The odd objective tries to provide a little variety: Mirage’s cloaking ability introduces an element of stealth (who doesn’t crave that in a game about, you know, giant robots?), while Soundwave spends a good deal of time titting about with Laserbeak, a bird-like infiltrator drone that you get to guide around. But you’re still either shooting things, opening doors or flipping switches, and even when you get to fight alongside famous allies, they’ll spend a good deal of their time jogging against pillars while you get stuck on invisible walls. Heroic.
When you’re in robot mode, you can at least juggle rapid and heavy weaponry alongside a range of character-specific recharging moves, ranging from Ironhide’s homing grenades to Megatron’s energy drain. When you’re not in robot mode, however, things start to fall to pieces.
Each character’s vehicle incarnation is all but relegated to a few bespoke chase sequences, which showcase clumsy car handling if you’re on four wheels or gutless and sluggish aeronautics if you’ve taken to the sky, while the new - and entirely unnecessary - Stealth Force configuration slots in between the two existing forms as a kind of tank option.
Visually, it’s the least exciting of the three, and yet it’s also the one you’re going to rely on the most as it offers the greatest manoeuvrability, punchiest weapons, and strongest defensive options. It’s an addition that manages to diminish the game’s overall impact, in other words, offering a dull and corrosive usefulness that distracts you from stomping around like a robot - which is probably what you signed up for - while also making a quiet muddle of the controls, sending your lock-on flitting between trigger and bumper, and leaving you steering vehicles with the right stick and reversing with the left. That’s going to catch on. (It isn’t.)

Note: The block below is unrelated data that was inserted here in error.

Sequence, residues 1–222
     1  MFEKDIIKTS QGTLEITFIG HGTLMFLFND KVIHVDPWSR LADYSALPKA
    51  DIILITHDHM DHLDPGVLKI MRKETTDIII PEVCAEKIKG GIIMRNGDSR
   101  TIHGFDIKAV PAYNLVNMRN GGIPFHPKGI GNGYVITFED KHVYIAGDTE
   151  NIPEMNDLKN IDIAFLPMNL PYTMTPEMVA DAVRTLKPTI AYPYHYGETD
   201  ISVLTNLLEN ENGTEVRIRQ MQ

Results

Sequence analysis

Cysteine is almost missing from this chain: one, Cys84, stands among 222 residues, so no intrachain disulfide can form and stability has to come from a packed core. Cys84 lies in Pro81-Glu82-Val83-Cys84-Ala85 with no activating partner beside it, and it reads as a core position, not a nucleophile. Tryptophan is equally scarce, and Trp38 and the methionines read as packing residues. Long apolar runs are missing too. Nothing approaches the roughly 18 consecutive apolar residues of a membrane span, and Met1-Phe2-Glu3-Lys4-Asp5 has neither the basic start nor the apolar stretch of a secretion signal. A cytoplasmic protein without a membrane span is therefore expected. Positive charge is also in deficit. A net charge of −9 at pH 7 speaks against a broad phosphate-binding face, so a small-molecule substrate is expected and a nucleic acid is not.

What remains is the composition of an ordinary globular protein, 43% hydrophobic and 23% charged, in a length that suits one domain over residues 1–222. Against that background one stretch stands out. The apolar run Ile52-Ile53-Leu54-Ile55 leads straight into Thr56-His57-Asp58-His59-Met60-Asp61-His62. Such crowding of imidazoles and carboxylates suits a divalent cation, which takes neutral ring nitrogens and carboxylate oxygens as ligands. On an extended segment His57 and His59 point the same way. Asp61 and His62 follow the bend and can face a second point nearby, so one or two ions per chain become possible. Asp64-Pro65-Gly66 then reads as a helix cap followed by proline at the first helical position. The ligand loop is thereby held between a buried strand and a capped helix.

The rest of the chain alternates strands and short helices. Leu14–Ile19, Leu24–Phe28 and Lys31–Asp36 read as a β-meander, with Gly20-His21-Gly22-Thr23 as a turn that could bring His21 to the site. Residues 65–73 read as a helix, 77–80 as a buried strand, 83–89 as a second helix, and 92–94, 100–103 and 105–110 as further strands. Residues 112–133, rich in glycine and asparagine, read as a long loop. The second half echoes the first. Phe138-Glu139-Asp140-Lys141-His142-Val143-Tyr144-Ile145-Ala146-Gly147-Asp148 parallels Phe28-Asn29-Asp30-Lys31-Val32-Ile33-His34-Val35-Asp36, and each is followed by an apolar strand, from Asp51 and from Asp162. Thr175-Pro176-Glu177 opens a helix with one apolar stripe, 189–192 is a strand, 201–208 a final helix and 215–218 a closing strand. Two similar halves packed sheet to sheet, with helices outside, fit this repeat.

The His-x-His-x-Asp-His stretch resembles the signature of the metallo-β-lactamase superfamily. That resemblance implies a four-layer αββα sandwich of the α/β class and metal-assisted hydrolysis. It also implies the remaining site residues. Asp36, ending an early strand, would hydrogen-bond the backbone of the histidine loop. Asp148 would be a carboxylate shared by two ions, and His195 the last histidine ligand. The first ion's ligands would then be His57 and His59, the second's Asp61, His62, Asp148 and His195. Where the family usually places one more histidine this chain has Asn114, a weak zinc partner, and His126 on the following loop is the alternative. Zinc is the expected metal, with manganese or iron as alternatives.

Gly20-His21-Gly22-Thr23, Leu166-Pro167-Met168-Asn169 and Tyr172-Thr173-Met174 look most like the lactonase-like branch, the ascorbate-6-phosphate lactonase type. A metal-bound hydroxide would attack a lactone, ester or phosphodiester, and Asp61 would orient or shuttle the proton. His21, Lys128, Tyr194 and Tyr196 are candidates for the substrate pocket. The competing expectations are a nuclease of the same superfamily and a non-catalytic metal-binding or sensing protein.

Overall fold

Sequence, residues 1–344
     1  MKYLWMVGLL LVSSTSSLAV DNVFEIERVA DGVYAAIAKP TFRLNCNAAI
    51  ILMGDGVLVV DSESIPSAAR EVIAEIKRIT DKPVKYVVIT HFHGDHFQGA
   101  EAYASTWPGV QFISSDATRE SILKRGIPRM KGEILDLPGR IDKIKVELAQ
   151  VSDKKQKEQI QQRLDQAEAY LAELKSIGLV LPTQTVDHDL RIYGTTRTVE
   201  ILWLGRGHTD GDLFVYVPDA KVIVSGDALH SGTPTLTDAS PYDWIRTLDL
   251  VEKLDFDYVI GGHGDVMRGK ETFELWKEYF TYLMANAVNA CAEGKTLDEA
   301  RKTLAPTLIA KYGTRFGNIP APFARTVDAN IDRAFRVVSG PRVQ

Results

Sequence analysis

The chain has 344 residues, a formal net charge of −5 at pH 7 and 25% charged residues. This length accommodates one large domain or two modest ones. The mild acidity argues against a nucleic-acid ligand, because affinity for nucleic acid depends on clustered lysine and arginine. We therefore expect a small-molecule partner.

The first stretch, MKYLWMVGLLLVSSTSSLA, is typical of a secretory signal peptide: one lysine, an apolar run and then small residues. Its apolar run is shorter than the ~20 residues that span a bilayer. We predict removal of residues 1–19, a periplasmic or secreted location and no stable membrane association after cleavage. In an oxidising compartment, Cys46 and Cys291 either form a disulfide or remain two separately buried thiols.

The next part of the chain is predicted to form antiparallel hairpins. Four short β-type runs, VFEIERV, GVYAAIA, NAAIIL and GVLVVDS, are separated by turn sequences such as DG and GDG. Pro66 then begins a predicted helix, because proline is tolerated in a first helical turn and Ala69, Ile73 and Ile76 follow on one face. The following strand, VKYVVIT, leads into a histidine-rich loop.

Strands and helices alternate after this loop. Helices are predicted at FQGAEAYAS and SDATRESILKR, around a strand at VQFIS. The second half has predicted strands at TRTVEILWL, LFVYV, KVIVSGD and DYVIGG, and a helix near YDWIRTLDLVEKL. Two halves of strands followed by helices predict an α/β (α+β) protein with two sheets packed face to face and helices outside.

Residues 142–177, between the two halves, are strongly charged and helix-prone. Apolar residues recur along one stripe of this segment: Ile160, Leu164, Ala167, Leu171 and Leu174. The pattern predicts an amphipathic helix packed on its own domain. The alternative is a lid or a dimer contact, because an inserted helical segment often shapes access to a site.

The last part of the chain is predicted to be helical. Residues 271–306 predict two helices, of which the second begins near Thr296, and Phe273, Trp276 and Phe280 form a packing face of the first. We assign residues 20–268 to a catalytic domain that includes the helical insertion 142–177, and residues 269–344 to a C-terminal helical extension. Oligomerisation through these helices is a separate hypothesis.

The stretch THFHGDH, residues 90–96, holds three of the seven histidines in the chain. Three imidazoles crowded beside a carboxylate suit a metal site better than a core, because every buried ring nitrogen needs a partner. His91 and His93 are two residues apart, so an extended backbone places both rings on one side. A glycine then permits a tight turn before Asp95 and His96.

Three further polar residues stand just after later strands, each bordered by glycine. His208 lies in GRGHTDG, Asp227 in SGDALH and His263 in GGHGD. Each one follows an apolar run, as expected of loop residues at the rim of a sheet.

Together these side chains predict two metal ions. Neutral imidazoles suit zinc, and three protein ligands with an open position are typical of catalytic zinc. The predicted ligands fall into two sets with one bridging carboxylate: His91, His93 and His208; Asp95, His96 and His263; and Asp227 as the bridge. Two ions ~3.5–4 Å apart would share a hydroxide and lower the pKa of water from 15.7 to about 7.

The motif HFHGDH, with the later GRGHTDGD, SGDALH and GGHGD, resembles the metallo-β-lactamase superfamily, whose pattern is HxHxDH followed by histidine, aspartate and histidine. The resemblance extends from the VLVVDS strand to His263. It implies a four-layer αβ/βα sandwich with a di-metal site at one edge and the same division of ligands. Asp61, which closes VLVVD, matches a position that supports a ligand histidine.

Multiplayer, meanwhile, doesn’t build on the strengths of War for Cybertron so much as quietly back away from its dented wreckage. The XP progression and kill streaks are still there, but you’re reduced to picking between two flavours of death match and the node-capturing Conquest mode. Games play out in a range of fairly cramped, confusing arenas, and the classes feel a little unbalanced at the moment. It’s still an acceptable take on My First Call of Duty, but it could have been something much more interesting than that.
As could the entire game. If there’s a lesson to learn from Dark of the Moon, then - other than “Try not to pick a fight with anyone named Shockwave” - it’s that movie tie-ins can defeat even the nimblest of studios. High Moon should have been given a little more time - and a lot more freedom - to play with their toys than they received for this outing. Hopefully, if we ever head back to Cybertron, the team will get another chance to show us what it can really do.